Jake Silverstein and is entitled “Why We Published the 1619 Project.”

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For this essay, I would like you to read two articles that argue different sides of the debate around The 1619 Project. The first article is by Jake Silverstein and is entitled “Why We Published the 1619 Project.” The second article is by Bret L. Stephens and is entitled “The 1619 Chronicles.” In the first one, Silverstein lays out why the NYT published the articles that comprise the 1619 Project, and in the second one Stephens makes a critique of the project. As you read, make sure you take a few notes on the differences in their opinions about the Project. You may also want to choose a quote or two from each piece that you think represents, or sums up, their position well.
1. “Why We Published the 1619 Project” by Jake Silverstein from The New York Times December 20th, 2019 1619 is not a year that most Americans know as a notable date in our country’s history. Those who do are at most a tiny fraction of those who can tell you that 1776 is the year of our nation’s birth. What if, however, we were to tell you that the moment that the country’s defining contradictions first came into the world was in late August of 1619? That was when a ship arrived at Point Comfort in the British colony of Virginia, bearing a cargo of 20 to 30 enslaved Africans. Their arrival inaugurated a barbaric system of chattel slavery that would last for the next 250 years. This is sometimes referred to as the country’s original sin, but it is more than that: It is the country’s very origin.
Out of slavery — and the anti-black racism it required — grew nearly everything that has truly made America exceptional: its economic might, its industrial power, its electoral system, its diet and popular music, the inequities of its public health and education, its astonishing penchant for violence, its income inequality, the example it sets for the world as a land of freedom and equality, its slang, its legal system and the endemic racial fears and hatreds that continue to plague it to this day. The seeds of all that were planted long before our official birth date, in 1776, when the men known as our founders formally declared independence from Britain.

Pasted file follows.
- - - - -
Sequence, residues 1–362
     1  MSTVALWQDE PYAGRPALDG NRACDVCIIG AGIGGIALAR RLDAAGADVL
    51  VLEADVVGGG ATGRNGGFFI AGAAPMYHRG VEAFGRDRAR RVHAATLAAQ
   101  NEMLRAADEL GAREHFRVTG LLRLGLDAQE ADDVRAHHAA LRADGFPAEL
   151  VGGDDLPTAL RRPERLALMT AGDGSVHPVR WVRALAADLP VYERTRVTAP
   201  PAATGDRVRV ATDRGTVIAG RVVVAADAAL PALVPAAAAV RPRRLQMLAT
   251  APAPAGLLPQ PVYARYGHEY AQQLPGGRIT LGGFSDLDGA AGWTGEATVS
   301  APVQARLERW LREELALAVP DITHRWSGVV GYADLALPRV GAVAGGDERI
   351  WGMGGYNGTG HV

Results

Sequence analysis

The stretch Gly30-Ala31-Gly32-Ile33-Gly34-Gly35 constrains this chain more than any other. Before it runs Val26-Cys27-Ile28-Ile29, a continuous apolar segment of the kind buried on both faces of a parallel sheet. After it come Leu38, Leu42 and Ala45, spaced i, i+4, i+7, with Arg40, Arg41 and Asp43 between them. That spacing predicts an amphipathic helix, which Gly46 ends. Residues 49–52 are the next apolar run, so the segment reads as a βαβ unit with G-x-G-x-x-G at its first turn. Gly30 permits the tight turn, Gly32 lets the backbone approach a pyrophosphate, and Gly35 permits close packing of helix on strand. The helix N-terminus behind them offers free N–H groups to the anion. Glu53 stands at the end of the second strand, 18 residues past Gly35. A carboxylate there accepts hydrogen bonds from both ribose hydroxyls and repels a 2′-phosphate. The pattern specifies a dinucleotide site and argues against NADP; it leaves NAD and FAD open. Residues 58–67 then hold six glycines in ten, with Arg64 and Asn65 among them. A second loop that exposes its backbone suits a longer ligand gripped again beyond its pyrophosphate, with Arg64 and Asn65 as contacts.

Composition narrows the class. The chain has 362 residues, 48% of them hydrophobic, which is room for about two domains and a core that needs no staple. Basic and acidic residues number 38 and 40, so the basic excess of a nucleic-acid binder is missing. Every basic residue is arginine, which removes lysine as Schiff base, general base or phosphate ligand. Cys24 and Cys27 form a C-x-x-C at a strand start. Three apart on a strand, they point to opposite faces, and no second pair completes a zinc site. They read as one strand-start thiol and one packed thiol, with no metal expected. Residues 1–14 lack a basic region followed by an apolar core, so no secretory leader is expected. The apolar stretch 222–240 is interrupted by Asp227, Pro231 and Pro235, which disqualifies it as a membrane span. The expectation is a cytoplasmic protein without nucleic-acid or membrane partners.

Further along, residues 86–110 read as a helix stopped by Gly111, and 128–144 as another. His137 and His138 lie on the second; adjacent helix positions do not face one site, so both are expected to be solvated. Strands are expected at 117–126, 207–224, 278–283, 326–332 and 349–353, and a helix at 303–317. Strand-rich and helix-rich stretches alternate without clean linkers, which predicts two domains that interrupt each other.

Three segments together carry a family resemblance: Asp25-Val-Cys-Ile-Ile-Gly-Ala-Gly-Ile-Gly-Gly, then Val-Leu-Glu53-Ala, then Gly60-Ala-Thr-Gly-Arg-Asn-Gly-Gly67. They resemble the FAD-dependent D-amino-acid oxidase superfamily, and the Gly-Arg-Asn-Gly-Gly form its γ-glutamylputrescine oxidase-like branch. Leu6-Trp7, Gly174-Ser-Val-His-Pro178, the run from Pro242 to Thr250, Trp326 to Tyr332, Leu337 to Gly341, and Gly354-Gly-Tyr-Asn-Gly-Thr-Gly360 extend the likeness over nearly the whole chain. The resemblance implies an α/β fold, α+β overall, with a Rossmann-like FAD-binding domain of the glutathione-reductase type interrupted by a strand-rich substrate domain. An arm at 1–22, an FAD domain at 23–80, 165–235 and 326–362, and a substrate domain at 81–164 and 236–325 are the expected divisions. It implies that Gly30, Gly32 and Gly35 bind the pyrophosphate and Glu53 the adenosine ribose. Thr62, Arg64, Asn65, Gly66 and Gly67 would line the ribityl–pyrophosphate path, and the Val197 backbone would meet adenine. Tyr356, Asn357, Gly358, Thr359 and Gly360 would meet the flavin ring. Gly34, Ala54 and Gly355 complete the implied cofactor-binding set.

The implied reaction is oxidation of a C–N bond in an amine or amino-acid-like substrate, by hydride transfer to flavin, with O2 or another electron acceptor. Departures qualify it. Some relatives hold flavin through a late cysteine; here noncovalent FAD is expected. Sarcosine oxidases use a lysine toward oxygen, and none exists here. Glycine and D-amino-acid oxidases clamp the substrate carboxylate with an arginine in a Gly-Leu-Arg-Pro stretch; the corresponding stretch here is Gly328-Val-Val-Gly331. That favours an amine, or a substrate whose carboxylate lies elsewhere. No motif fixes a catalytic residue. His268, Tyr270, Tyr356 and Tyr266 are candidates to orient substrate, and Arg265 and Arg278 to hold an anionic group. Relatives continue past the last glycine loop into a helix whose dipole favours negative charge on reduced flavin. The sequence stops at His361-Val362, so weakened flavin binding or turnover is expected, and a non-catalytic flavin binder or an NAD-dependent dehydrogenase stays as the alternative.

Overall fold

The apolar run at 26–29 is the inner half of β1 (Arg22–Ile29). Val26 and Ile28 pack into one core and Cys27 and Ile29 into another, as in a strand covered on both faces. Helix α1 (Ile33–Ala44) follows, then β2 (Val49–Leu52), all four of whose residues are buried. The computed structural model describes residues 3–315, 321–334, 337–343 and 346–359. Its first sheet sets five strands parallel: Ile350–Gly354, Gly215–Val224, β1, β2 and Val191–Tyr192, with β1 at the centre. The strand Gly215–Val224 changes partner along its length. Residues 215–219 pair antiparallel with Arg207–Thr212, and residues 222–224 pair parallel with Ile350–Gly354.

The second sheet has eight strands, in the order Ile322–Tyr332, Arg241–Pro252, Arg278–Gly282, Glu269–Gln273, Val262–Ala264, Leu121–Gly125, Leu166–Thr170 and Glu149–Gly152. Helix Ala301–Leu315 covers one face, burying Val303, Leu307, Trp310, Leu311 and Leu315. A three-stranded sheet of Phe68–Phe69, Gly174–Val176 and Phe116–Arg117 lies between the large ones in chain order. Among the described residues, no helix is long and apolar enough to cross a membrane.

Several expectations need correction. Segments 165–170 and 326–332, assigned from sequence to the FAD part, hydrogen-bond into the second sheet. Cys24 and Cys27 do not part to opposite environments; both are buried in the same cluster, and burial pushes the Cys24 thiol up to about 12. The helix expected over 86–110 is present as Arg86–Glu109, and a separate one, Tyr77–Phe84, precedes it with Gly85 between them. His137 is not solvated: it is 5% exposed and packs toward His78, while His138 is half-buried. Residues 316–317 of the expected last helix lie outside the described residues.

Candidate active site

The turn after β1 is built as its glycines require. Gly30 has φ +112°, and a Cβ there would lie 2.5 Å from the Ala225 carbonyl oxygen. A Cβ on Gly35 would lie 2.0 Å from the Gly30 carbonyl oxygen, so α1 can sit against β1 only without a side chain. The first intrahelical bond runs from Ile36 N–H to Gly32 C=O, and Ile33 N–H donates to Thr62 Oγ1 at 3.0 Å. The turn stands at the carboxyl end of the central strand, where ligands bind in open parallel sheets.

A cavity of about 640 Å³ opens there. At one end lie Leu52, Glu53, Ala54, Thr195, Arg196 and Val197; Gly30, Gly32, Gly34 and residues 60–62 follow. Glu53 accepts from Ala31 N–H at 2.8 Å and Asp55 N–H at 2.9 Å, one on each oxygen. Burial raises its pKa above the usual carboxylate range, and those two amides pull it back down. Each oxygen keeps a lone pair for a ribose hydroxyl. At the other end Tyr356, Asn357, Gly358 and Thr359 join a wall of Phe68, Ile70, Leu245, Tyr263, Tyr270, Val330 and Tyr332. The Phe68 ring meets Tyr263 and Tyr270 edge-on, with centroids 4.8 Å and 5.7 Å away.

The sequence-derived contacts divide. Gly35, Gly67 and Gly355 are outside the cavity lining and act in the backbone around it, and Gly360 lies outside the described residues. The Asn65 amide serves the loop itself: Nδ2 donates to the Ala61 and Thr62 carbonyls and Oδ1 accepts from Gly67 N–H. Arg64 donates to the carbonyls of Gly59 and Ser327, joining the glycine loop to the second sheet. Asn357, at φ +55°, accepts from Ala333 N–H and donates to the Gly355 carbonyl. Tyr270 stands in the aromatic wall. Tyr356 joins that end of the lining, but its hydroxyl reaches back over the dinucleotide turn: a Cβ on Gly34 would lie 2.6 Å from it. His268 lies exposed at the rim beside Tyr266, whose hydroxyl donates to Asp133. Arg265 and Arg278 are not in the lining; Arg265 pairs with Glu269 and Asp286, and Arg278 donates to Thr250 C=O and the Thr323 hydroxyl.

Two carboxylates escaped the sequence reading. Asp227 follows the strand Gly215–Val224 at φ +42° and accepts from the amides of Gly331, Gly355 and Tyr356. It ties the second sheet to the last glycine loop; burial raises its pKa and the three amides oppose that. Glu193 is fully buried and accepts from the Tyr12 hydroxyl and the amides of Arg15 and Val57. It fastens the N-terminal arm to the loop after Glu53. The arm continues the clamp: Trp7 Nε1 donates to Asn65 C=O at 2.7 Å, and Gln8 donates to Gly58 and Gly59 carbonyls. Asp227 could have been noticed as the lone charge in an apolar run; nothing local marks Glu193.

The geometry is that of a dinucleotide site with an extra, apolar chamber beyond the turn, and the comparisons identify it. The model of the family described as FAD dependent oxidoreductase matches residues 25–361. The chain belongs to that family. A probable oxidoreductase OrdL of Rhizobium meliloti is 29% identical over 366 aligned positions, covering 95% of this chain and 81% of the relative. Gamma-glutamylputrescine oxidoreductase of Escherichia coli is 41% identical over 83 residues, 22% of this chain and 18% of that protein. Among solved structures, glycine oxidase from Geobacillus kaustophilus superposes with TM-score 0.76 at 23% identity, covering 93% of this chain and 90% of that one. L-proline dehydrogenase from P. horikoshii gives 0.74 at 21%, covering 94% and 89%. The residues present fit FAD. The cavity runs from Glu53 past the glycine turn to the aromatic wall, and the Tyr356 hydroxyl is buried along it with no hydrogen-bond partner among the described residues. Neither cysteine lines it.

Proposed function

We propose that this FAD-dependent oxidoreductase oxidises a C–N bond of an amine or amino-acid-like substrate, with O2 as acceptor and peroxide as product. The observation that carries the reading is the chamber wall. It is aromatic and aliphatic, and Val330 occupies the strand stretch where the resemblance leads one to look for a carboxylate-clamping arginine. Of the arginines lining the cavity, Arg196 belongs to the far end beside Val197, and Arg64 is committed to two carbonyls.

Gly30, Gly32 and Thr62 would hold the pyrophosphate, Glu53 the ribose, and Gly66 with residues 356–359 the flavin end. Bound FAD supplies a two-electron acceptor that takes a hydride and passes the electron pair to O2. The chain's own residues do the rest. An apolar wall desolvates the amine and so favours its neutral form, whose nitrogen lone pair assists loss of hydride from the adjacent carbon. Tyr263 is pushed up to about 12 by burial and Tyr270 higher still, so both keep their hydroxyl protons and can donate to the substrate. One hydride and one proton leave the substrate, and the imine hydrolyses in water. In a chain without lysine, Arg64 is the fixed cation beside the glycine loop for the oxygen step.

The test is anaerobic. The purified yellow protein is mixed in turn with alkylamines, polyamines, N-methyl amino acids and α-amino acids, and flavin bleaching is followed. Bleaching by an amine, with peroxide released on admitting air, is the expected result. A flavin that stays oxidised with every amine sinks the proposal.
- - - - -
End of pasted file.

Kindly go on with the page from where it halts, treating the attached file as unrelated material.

The goal of The 1619 Project is to reframe American history by considering what it would mean to regard 1619 as our nation’s birth year. Doing so requires us to place the consequences of slavery and the contributions of black Americans at the very center of the story we tell ourselves about who we are as a country.
The 1619 Project began with the publication, in August 2019, of a special issue of The New York Times Magazine containing essays on different aspects of contemporary American life, from mass incarceration to rush-hour traffic, that have their roots in slavery and its aftermath. Each essay takes up a modern phenomenon, familiar to all, and reveals its history. The first, by the staff writer Nikole Hannah-Jones (from whose mind this project sprang), provides the intellectual framework for the project and can be read as an introduction.
Alongside the essays, you will find 17 literary works that bring to life key moments in American history. These works are all original compositions by contemporary black writers who were asked to choose events on a timeline of the past 400 years. The poetry and fiction they created is arranged chronologically throughout the issue, and each work is introduced by the history to which the author is responding.
In addition to these elements, we partnered with the Smithsonian’s National Museum of African-American History and Culture to create a brief visual history of slavery. That is as good a place to start as any.
A word of warning: There is gruesome material in these stories, material that readers will find disturbing. That is, unfortunately, as it must be. American history cannot be told truthfully without a clear vision of how inhuman and immoral the treatment of black Americans has been. By acknowledging this shameful history, by trying hard to understand its powerful influence on the present, perhaps we can prepare ourselves for a more just future.
That is the hope of this project.
2. https://www.nytimes.com/2020/10/09/opinion/nyt-1619-project-criticisms.html
After you have read and taken notes on each essay, think about the structure of your final essay. In your introduction, you should introduce your reader to the issue by giving some of the context and stakes. End the introduction by making some kind of claim about the issue, even if you agree with points made by both sides. You should then support your position in the essay. You can do this by mentioning the position of any of the four people that we read or heard debate the issue and suggesting why their position is more logical than the opposing ones. By the end of the essay, it should be clear to me that you understand the issue and that you can choose and defend a side within the debate.
This essay is more about your thinking and writing than it is about doing proper and official research, so don’t worry too much about proper citation. I just want to see the you can write clearly and that you can take a position in your writing. You can use first person pronouns hear, and if you feel compelled, feel free to use your own voice if the issue relates to you personally in some way or if you feel strongly about it. Just remember that this is an academic essay, so you should show that you understand the other side as well.

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